Tuesday, October 5, 2010

Tonight on PBS

Photo from PBS.org
Another one of my Full Frame Film Fest favorites will be broadcast on PBS tonight.  The film is titled The Most Dangerous Man in America: Daniel Ellsberg and the Pentagon Papers.  Check here for your local listings: http://www.pbs.org/pov/tvschedule/.

The film was a delight to watch at the festival this past April, and I hope you'll watch it tonight.  Here's the synopsis listed on the PBS website:


In 1971, Daniel Ellsberg, a leading Vietnam War strategist, concludes that America’s role in the war is based on decades of lies. He leaks 7,000 pages of top-secret documents to The New York Times, a daring act of conscience that leads directly to Watergate, President Nixon’s resignation and the end of the Vietnam War. Ellsberg and a who’s-who of Vietnam-era movers and shakers give a riveting account of those world-changing events in POV’s The Most Dangerous Man in America: Daniel Ellsberg and the Pentagon Papers by award-winning filmmakers Judith Ehrlich (The Good War and Those Who Refused to Fight It) and Rick Goldsmith (Tell the Truth and Run: George Seldes and the American Press). A co-production of ITVS in association with American Documentary/POV. (90 minutes)

There are many aspects to the Vietnam War.  Too many, in fact, for us to delve too deeply into much outside of the narrow scope of our film.  We explore the relationship between the U.S. Special Forces and loyal American allies known as the Montagnards.  Watching The Most Dangerous Man is a great way to learn a bit more about the era and history of the war.  But don't stop learning, there.

I encourage everyone to seek the truth, not just digest what is presented by one entity.  Learn to seek the truth independently.  Knowledge is appreciated more when earned in such a way, and helps you draw your own conclusions and make more informed decisions.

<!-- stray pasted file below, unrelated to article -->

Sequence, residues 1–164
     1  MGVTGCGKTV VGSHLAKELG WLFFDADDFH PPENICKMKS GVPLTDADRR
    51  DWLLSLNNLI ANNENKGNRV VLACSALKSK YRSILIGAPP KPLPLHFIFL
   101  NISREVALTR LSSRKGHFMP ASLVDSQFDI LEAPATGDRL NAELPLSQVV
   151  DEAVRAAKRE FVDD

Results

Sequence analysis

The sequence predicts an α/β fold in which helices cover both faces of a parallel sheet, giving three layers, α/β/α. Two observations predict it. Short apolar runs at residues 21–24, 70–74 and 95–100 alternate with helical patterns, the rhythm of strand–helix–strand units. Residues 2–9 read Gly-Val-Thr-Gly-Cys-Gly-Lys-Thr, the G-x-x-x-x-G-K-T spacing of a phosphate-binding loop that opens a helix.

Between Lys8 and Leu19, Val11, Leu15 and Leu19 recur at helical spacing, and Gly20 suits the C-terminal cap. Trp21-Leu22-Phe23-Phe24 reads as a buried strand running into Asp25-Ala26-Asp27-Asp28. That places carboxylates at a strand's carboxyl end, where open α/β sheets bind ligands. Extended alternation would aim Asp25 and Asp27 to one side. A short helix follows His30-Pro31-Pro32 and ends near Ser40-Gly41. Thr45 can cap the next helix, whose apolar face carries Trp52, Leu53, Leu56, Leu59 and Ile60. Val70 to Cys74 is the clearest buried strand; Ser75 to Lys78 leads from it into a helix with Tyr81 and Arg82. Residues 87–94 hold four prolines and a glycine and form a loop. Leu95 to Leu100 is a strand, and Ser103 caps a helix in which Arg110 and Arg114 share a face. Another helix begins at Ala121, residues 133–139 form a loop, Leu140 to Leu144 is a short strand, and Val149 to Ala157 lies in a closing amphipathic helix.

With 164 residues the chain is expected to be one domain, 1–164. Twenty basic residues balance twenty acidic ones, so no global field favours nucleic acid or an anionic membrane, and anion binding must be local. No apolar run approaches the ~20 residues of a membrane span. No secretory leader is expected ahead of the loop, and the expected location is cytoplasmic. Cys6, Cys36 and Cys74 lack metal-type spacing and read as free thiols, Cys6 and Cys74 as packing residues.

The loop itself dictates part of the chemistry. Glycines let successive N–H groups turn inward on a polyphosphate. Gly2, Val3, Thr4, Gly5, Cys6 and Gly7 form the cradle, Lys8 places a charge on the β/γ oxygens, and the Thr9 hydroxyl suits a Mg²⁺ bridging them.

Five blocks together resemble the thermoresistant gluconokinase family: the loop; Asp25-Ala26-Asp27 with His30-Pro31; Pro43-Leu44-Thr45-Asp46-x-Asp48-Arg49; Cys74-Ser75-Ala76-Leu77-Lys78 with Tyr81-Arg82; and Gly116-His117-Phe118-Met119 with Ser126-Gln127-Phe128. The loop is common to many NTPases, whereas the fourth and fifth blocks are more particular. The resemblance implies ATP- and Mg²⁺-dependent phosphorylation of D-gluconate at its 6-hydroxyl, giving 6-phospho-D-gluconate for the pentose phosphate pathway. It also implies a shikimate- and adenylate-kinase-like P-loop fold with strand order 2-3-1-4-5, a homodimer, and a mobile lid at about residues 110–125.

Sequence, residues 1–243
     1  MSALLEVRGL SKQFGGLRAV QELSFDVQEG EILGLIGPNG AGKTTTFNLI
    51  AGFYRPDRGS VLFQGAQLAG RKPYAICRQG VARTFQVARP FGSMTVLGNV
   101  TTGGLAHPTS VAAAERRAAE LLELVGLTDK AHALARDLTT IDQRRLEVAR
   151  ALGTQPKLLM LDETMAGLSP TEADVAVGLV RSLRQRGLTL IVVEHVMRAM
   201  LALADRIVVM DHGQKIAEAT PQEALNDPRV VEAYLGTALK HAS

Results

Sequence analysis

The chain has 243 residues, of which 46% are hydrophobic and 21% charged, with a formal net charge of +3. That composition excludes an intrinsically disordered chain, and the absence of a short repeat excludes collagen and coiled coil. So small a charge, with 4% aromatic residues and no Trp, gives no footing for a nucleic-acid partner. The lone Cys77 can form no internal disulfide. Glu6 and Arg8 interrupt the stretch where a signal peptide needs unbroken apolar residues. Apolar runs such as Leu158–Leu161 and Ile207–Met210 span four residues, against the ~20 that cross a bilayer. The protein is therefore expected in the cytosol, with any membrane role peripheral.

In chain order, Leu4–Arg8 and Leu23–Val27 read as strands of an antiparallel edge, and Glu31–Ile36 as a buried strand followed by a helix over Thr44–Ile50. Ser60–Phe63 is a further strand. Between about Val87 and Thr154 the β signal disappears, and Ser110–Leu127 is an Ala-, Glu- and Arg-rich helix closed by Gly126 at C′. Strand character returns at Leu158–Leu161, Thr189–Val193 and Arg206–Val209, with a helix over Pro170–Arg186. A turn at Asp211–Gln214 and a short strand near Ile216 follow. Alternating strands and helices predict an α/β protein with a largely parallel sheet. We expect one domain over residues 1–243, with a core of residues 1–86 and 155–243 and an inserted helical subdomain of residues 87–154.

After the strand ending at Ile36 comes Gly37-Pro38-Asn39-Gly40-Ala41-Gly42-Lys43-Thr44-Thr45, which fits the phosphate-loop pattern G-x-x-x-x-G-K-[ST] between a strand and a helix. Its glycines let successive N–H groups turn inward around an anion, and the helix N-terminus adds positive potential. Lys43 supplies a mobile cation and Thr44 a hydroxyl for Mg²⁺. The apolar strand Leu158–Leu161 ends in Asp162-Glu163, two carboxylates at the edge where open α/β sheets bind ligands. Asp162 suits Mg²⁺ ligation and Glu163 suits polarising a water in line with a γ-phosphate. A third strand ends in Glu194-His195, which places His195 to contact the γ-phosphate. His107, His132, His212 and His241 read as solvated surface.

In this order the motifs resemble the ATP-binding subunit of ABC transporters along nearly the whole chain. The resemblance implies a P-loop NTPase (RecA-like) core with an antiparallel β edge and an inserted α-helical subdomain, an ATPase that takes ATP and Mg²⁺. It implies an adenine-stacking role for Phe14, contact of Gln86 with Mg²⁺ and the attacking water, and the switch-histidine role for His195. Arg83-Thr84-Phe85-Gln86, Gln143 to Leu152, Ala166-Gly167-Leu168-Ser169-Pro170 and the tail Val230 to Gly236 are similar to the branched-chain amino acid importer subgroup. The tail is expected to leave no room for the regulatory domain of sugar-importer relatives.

After you watch the film tonight, be sure to tell us what you think of it!

Monday, October 4, 2010

The Roller Coaster of Filmmaking

This is going to be a good week.  I know it.

Last week was a tough one.  I struggled a lot, which is not something I usually admit publicly.  We're human, though, and the struggle is part of the story.  I feel like these struggles I have are so minor, and that it's poor form to admit that you're struggling instead of just shutting up and carrying on.  Keep a stiff upper lip, you know?  Whining about stuff rarely changes your situation.

While last week was a tough one in some regards, it was also really fun.  I got to see friends, enjoyed some delightful improv, watched Restrepo, and even spent the day at Kings Dominion with people I adore.  Saturday was especially therapeutic.

At Kings Dominion, we rode roller coasters all day.

At Kings Dominion, we rode roller coasters all day!  I love roller coasters!  The thrill, nervousness, and terror that comes with riding a roller coaster is relatively insane when you think about it.  Why are we intoxicated by such safe and scary adventures?  I'm probably addicted to the adrenaline rush. 

It's one of the things mentioned in Restrepo, actually.  One of the guys says something like, "Once you've been shot at, there's no high like it."  Now, I've never had anyone shoot at me (thankfully), but this year has taught me a bit about the psyche of a soldier returning from combat.  I can't fully understand it, but I can empathize with it. 

Our cast members talked about it a lot, both on camera and in the books they published.  A soldier's priorities--during combat--is the mission at hand, protecting your fellow soldiers, and keeping yourself alive so you can come home safely. 

The intensity of being in combat becomes standard.  The heightened awareness, intense danger, and consistent adrenaline rush becomes the way of life.  The peace of being at home presents few things close to the intensity of combat (even though they're grateful to have arrived home safely).  I think that's a bit of what Hurt Locker explored, too.  Soldiers start to feel like they're better at being in combat than being home.

There are so many tangential things like this that I feel compelled to explore, but our film isn't about that specifically.  It's about the U.S. Special Forces soldiers and their relationship to the Montagnard people, and how all of that relates to today. 

There are so many extras that we could include on a DVD.  I look forward to finishing the film and, hopefully, still sharing those extras because they are important parts of diving deeper into this story.  First things first, though.  Finishing the film.  Speaking of which...I've got work to do.  Talk atcha later, friends.